Sen. Bob Menendez denounced the White Houses decision to send 1,200 National Guard troops to the Mexican border as a submission to demands by Republicans that the border be secured before passage of an immigration overhaul.
In a statement released by his office Tuesday evening, the New Jersey Democrat also took a shot at Sen. John McCain (R-Ariz.), who has dropped his support for comprehensive legislation in favor of a border security approach. Menendez argued that the border must be part of a broader bill.
As Senator McCain himself said many times in Senate speeches when he was a maverick, the solution to our broken immigration system has to be comprehensive. Border enforcement is a part of realistic, commonsense reform, but it alone is far from the answer, Menendez said in the statement.
The Obama administrations militarization of the border amounts to a submission to the political forces brought by the Republican Party, he added. If there is a greater border presence necessary, it should be in the form of additional regular border patrol agents.
Menendezs comments capped a difficult day for President Barack Obama, who was criticized by Republicans and immigration reform activists alike on the issue.
The White House unveiled its border security plan Tuesday afternoon, following Obamas meeting with Senate Republicans. In addition to the 1,200 guardsmen, Obama is asking for $500 million in supplemental funding for border security projects, including intelligence and interdiction efforts. The troops would be stationed as a temporary measure until the Department of Homeland Security could recruit and train additional border security guards.
Although Obama did not address the plan during his meeting with Republicans, he did discuss the issue of immigration, touting his administrations expansion of border security and enforcement efforts, according to a Democratic source familiar with the talks. However, Obama argued that while securing the border is important, a comprehensive immigration overhaul will be needed to fully address border issues.
Additionally, Obama repeated his belief that he can persuade enough Democrats to vote for a comprehensive bill if Republicans are willing to work on the measure.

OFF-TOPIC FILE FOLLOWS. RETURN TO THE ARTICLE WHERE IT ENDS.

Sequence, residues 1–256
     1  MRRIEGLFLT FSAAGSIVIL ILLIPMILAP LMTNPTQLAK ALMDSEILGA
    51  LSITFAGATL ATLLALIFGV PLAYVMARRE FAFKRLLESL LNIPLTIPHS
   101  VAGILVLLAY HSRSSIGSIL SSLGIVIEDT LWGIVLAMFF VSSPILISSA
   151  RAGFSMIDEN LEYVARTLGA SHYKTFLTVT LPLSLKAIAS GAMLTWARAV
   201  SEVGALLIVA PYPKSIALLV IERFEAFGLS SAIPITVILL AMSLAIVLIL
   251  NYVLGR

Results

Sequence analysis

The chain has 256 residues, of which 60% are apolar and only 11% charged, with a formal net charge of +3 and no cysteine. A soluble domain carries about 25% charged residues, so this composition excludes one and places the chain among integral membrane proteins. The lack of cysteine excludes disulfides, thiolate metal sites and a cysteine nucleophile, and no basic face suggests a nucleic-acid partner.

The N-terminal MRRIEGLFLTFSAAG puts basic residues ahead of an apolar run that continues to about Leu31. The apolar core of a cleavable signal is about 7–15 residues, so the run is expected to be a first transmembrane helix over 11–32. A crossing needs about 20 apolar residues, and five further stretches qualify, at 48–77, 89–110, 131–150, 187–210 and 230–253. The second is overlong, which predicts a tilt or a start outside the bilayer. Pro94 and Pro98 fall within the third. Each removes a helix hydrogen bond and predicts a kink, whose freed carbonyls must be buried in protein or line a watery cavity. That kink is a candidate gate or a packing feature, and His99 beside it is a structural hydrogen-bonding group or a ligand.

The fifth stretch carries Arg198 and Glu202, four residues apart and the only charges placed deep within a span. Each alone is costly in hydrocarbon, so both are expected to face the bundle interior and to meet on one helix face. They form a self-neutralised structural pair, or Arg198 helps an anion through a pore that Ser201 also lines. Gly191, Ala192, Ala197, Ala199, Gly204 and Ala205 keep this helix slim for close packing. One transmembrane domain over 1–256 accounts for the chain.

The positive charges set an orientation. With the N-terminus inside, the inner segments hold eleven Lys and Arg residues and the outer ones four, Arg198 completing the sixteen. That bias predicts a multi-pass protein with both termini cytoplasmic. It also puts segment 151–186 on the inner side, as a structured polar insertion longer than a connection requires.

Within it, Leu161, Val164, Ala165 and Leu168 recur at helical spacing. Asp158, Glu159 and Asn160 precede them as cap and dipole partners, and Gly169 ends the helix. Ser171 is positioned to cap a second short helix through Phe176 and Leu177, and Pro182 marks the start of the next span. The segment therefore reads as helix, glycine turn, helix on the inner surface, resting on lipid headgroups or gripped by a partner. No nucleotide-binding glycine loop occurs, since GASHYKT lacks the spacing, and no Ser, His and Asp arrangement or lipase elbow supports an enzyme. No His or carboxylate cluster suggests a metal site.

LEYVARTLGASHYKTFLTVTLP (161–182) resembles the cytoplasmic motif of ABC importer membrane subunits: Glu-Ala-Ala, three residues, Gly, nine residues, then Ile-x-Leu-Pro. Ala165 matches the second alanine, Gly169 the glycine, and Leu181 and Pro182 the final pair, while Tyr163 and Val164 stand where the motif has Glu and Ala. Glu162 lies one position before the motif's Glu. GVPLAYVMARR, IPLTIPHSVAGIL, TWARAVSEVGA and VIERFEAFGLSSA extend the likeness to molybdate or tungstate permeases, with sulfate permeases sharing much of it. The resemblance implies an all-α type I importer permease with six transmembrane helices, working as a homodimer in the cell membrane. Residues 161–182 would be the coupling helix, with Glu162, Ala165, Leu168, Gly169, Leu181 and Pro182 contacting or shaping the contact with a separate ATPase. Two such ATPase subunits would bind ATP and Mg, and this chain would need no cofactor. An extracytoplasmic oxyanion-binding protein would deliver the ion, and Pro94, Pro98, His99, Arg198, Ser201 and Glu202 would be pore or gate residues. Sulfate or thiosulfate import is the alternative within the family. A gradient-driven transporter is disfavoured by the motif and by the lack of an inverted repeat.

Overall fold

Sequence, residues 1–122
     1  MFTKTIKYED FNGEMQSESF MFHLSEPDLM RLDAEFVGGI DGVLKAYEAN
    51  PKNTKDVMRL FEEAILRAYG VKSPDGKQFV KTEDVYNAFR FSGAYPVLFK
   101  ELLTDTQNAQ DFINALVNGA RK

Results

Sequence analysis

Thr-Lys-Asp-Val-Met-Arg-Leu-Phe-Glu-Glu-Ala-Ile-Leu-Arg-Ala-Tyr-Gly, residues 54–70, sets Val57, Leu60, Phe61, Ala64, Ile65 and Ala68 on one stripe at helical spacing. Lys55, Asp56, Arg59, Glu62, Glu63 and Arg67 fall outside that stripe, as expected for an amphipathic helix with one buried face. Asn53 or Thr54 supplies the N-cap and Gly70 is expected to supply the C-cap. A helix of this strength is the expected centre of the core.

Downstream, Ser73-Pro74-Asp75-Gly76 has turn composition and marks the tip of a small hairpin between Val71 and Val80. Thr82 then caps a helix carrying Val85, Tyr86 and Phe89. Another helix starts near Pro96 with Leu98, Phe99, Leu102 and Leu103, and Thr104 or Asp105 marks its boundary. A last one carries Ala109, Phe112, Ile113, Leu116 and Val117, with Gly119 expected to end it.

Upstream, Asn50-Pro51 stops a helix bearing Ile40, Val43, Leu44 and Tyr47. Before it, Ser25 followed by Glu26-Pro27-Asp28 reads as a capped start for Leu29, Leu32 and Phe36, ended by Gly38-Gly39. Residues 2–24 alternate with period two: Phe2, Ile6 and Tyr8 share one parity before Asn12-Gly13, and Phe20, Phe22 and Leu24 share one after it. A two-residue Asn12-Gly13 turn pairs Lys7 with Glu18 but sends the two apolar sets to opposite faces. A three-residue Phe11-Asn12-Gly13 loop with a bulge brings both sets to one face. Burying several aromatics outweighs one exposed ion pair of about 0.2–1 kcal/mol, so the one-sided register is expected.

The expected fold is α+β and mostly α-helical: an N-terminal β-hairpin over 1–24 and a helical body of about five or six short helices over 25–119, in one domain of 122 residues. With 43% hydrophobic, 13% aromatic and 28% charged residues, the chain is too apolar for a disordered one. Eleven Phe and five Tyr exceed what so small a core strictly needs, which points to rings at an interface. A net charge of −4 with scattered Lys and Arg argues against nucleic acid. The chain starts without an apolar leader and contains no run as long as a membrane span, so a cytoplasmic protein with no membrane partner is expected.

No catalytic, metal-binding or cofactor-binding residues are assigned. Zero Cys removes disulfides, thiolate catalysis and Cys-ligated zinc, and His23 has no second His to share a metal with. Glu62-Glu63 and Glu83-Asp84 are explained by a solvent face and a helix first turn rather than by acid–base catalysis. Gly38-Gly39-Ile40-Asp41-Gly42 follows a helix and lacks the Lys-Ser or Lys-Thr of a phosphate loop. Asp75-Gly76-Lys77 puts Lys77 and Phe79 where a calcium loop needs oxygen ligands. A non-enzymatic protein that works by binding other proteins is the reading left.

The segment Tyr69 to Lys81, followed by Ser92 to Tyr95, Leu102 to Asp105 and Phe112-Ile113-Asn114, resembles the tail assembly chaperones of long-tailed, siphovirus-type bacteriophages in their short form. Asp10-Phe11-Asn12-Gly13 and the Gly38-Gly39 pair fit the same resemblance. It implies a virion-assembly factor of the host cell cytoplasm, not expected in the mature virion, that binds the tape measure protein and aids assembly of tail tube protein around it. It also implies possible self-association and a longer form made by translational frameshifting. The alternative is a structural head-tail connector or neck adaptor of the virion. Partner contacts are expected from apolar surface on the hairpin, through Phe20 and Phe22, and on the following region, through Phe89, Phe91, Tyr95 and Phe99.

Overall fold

Republicans have yet to make any indication that they are willing to consider such legislation this year, and they roundly criticized Obamas border plan.
Judiciary Committee ranking member Jeff Sessions derided the plan as a temporary panacea. Announcing and taking specific steps can be helpful, but only if its part of a determined and consistent effort to fix the problem, the Alabama Republican said. The presidents decision to send up to 1,200 troops to the border, while helpful, will not fix the problem.
Sessions also used the announcement to again criticize the White Houses stance on a controversial Arizona immigration law, complaining that members of President Obamas administration gave Mexican President Felipe Calderón a standing ovation as Calderón proceeded to slander the state of Arizona for its efforts to protect its citizens.
Immigration activists were equally critical. Frank Sharry, executive director of Americas Voice, also rejected the proposal, saying, Giving in ... on immigration sure has the same feel as when the administration caved and excluded unauthorized immigrants from the health care exchange following Rep. Joe Wilsons [R-S.C.] rude outburst last year.
Vice President Joe Biden waits to conduct a mock swearing-in ceremony with Sen. Brian Schatz, D-Hawaii, in the Capitol's Old Senate Chamber, December 2, 2014. Schatz was sworn in to serve the remainder of his term since he was appointed to the seat after Sen. Daniel Inouye, D-Hawaii, passed away.